IRVINE, CALIF.—The numbers don’t lie: the volume of administrative patent challenges filed with the USPTO’s Patent Trial and Appeal Board (PTAB) is down from recent years.
Womble Bond Dickinson attorney Brent Babcock discussed the recent PTAB filing downturn with Bloomberg Law. In 2019, 1,321 validity challenges were filed with the PTAB. This is a 23 percent drop from the previous year and the lowest level since 2013, the first full year for the PTAB.
Babcock tells Bloomberg Law that recent changes in the PTAB’s review process have given petitioners more reasons to consider whether to file validity challenges with the PTAB. These changes include limiting repeat challenges for the same patent, improved abilities for the patent owner to amend its claims, and the PTAB’s adoption of the same claim construction standard used in district court litigation.
“Lawyers and clients are stepping back and thinking harder about ‘do I really want to take on this task?’”
“Lawyers and clients are stepping back and thinking harder about ‘do I really want to take on this task?’” Babcock said.
The decline also reflects a sharp downturn in patent infringement litigation in US District Courts. From 2013 to 2019, the number of patent infringement cases filed dropped from more than 6,300 to less than 3,600, according to Bloomberg Law. Finally, observers say the Supreme Court’s decision in the 2018 SAS Institute v. Iancu case has made validity challenges tougher.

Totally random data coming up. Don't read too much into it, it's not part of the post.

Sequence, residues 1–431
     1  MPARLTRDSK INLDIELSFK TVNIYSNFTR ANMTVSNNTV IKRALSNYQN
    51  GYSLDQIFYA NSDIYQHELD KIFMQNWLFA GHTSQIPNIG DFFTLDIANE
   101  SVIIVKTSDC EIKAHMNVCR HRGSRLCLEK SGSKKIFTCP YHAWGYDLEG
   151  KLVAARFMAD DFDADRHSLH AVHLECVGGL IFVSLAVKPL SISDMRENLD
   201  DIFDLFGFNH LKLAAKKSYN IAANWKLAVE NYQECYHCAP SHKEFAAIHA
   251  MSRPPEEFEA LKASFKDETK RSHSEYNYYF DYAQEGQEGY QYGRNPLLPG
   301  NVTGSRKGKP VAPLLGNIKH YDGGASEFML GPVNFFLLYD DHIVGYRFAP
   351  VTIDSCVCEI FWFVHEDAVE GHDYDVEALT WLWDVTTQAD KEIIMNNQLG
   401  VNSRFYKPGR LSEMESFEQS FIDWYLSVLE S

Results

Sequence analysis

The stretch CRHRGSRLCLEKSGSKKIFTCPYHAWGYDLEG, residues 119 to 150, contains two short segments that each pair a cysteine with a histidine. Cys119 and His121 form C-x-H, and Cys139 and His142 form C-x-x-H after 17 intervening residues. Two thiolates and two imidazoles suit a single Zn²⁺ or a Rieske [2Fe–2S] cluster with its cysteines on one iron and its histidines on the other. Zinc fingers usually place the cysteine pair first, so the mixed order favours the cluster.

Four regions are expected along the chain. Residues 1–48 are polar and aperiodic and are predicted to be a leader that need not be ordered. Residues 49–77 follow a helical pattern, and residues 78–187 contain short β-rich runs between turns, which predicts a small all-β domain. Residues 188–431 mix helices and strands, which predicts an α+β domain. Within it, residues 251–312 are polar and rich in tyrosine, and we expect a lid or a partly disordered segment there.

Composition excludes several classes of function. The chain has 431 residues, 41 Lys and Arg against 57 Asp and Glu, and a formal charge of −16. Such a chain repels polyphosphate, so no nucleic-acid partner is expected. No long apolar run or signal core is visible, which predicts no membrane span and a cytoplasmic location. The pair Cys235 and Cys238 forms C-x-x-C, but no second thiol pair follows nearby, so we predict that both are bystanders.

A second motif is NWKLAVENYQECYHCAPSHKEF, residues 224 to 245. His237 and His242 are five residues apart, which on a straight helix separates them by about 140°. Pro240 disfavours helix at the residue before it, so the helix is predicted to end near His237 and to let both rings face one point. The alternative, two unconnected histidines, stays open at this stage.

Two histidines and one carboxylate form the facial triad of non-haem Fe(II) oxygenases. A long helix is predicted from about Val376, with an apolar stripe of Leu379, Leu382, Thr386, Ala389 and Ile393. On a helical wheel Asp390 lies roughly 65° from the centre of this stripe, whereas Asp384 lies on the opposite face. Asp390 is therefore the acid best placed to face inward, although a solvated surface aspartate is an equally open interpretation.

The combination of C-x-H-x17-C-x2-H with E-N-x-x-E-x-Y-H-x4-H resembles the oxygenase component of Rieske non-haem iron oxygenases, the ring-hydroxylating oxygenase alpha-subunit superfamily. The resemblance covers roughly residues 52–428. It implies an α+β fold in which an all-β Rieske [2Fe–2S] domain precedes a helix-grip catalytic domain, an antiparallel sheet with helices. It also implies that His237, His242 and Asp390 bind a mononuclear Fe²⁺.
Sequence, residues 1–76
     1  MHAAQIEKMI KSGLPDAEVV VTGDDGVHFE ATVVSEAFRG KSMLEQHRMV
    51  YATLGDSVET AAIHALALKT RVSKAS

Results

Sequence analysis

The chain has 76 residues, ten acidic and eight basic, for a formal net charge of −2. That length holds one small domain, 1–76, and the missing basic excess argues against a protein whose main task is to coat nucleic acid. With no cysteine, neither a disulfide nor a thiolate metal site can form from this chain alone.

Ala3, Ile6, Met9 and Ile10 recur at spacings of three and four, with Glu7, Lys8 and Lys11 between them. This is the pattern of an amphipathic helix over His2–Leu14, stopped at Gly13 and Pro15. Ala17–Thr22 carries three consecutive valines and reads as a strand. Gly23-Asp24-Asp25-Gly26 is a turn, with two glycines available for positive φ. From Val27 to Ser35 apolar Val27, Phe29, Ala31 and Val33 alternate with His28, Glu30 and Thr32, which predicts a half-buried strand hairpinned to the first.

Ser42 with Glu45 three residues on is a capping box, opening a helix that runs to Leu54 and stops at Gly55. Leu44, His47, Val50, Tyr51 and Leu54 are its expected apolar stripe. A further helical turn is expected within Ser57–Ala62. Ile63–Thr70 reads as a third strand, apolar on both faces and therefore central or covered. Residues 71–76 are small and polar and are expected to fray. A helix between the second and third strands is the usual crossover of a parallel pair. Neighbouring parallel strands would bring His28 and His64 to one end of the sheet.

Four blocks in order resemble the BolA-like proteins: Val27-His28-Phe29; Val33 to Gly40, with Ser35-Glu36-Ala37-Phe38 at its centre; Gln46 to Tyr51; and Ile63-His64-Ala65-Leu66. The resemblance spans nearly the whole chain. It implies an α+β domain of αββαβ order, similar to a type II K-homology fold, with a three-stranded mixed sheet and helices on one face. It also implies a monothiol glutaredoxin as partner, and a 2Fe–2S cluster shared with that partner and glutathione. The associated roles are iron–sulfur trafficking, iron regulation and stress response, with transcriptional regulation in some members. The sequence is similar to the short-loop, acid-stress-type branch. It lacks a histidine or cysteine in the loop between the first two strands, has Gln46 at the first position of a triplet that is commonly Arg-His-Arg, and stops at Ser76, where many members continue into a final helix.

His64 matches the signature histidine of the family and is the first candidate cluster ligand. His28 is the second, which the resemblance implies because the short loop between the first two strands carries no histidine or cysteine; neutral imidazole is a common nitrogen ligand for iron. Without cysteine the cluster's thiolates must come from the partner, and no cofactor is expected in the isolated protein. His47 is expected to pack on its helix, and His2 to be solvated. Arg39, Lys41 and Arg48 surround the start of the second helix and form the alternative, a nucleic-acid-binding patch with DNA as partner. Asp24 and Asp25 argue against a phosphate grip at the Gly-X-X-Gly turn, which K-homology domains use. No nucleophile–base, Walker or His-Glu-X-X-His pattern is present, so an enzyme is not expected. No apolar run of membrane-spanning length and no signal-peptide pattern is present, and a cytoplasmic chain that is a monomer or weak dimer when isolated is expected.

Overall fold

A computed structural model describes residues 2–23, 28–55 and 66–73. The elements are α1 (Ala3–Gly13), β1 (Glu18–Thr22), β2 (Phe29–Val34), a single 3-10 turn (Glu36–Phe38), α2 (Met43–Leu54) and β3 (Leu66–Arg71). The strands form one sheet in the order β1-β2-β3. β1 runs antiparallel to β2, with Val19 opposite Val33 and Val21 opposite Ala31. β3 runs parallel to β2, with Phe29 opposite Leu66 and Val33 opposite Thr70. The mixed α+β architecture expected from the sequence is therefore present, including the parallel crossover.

“These are all little pieces on the scale that, as a lawyer and as a client, kind of depresses your notion of, ‘is this is going to be a good decision or not,” Babcock said.
Babcock also recently spoke about the downturn in PTAB filings with Law.com’s “Skilled in the Art” column. Click here to read more.
Brent Babcock represents high-technology clients in every aspect of intellectual property disputes, focusing on federal district court litigation throughout the country, trials and post-grant patent proceedings before the USPTO's Patent Trial and Appeal Board and alternative dispute resolution (ADR) proceedings, including domestic and international arbitrations. His practice also includes pre-litigation counseling, pre-interference and post-grant proceeding consulting, and appellate briefing and oral argument before the United States Court of Appeals for the Federal Circuit.